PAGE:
Comedies, tragedies, histories, heroes’ journeys, rags to riches (or vice-versa) – examine anything you read and you’ll likely recognise elements of things you’ve encountered before. But a wonderful thing about literature is that even the same story retold can be so seductive you lose sight of any such tropes and get lost in the narrative, or character journeys, or language, or setting, or all of the above. Here are some books that wear delicate traces of their inspirations on their pages rather than their sleeves.
Written by Bram Stoker's great grand-nephew and a bestselling dark thriller writer, and authorized by the Stoker Estate, Dracul is the prequel to perhaps the most celebrated and terrifying horror story of them all . . .
An addictively suspenseful new novel set in the glamorous world of the New York Hamptons, about secrets that refuse to remain buried and consequences that cannot be escaped.
The greatest war story in literature, retold by our greatest living storyteller on war - in the voice of the forgotten woman who lived through it.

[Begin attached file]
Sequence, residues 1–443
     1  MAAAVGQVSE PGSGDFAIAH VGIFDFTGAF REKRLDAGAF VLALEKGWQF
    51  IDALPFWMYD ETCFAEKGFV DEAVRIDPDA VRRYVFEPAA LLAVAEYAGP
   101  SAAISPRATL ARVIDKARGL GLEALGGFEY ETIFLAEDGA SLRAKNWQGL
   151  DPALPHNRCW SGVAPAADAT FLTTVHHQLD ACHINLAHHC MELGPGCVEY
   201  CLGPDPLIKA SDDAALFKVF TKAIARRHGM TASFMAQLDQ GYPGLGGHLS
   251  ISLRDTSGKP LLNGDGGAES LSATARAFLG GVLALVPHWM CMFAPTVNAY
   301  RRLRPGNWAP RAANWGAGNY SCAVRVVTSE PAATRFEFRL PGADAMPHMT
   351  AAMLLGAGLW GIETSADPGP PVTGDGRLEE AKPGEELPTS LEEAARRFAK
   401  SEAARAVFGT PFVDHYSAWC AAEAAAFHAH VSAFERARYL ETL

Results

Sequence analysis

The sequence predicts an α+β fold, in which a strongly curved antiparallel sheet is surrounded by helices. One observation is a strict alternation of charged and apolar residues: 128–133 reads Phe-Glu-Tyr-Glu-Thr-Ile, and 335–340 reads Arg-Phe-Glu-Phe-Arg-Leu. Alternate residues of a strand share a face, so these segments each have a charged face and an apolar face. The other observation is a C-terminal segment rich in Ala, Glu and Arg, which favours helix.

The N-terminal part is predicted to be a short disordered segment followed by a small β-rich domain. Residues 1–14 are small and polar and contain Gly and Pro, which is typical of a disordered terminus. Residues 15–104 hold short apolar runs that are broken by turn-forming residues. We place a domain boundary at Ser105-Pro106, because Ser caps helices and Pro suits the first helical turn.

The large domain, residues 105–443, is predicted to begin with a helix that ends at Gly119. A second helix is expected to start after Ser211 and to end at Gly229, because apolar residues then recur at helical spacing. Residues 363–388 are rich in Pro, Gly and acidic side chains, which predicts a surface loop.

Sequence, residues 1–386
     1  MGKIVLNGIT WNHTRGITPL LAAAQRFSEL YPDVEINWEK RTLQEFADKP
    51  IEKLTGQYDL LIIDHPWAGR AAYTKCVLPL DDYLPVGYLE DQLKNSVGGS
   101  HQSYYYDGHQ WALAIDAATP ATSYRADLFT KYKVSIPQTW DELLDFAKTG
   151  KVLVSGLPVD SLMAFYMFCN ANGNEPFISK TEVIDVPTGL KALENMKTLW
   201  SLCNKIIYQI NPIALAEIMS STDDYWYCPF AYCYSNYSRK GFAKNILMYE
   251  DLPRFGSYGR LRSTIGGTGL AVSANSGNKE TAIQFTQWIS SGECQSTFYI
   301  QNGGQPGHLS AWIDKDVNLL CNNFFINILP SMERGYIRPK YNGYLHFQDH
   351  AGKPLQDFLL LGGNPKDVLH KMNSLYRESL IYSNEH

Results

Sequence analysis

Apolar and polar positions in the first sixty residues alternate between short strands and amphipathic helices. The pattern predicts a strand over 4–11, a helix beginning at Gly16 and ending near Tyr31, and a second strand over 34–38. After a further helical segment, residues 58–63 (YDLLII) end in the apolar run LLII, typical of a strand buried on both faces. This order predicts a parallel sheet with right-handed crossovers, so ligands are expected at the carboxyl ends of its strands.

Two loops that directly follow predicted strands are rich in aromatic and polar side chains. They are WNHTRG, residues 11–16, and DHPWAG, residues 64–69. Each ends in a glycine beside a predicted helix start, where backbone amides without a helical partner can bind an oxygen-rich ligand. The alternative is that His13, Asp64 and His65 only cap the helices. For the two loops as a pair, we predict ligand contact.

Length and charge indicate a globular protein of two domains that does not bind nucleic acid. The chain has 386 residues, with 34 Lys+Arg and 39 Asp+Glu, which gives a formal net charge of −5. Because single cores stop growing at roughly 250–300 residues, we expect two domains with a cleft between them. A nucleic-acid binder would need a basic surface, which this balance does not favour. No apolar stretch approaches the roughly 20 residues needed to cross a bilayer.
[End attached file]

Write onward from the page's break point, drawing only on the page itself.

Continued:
Jane Austen's Pride and Prejudice below stairs - the story of romance, intrigue, and drama among the servants of the Bennet household. A Richard & Judy Book Club pick.
Jean Rhys's late masterpiece Wide Sargasso Sea was inspired by Charlotte Brontë's Jane Eyre, and is set in the lush, beguiling landscape of Jamaica in the 1830s.
Romeo and Juliet with zombies - a starry-eyed, sweetly comic story about the humanising power of love, even in the darkest of circumstances.
A radical love story for right now, from 'one of the most gifted writers working today' (New York Times)
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Fifty years since The Godfather, we’ve assembled some of the world’s greatest mafia stories.
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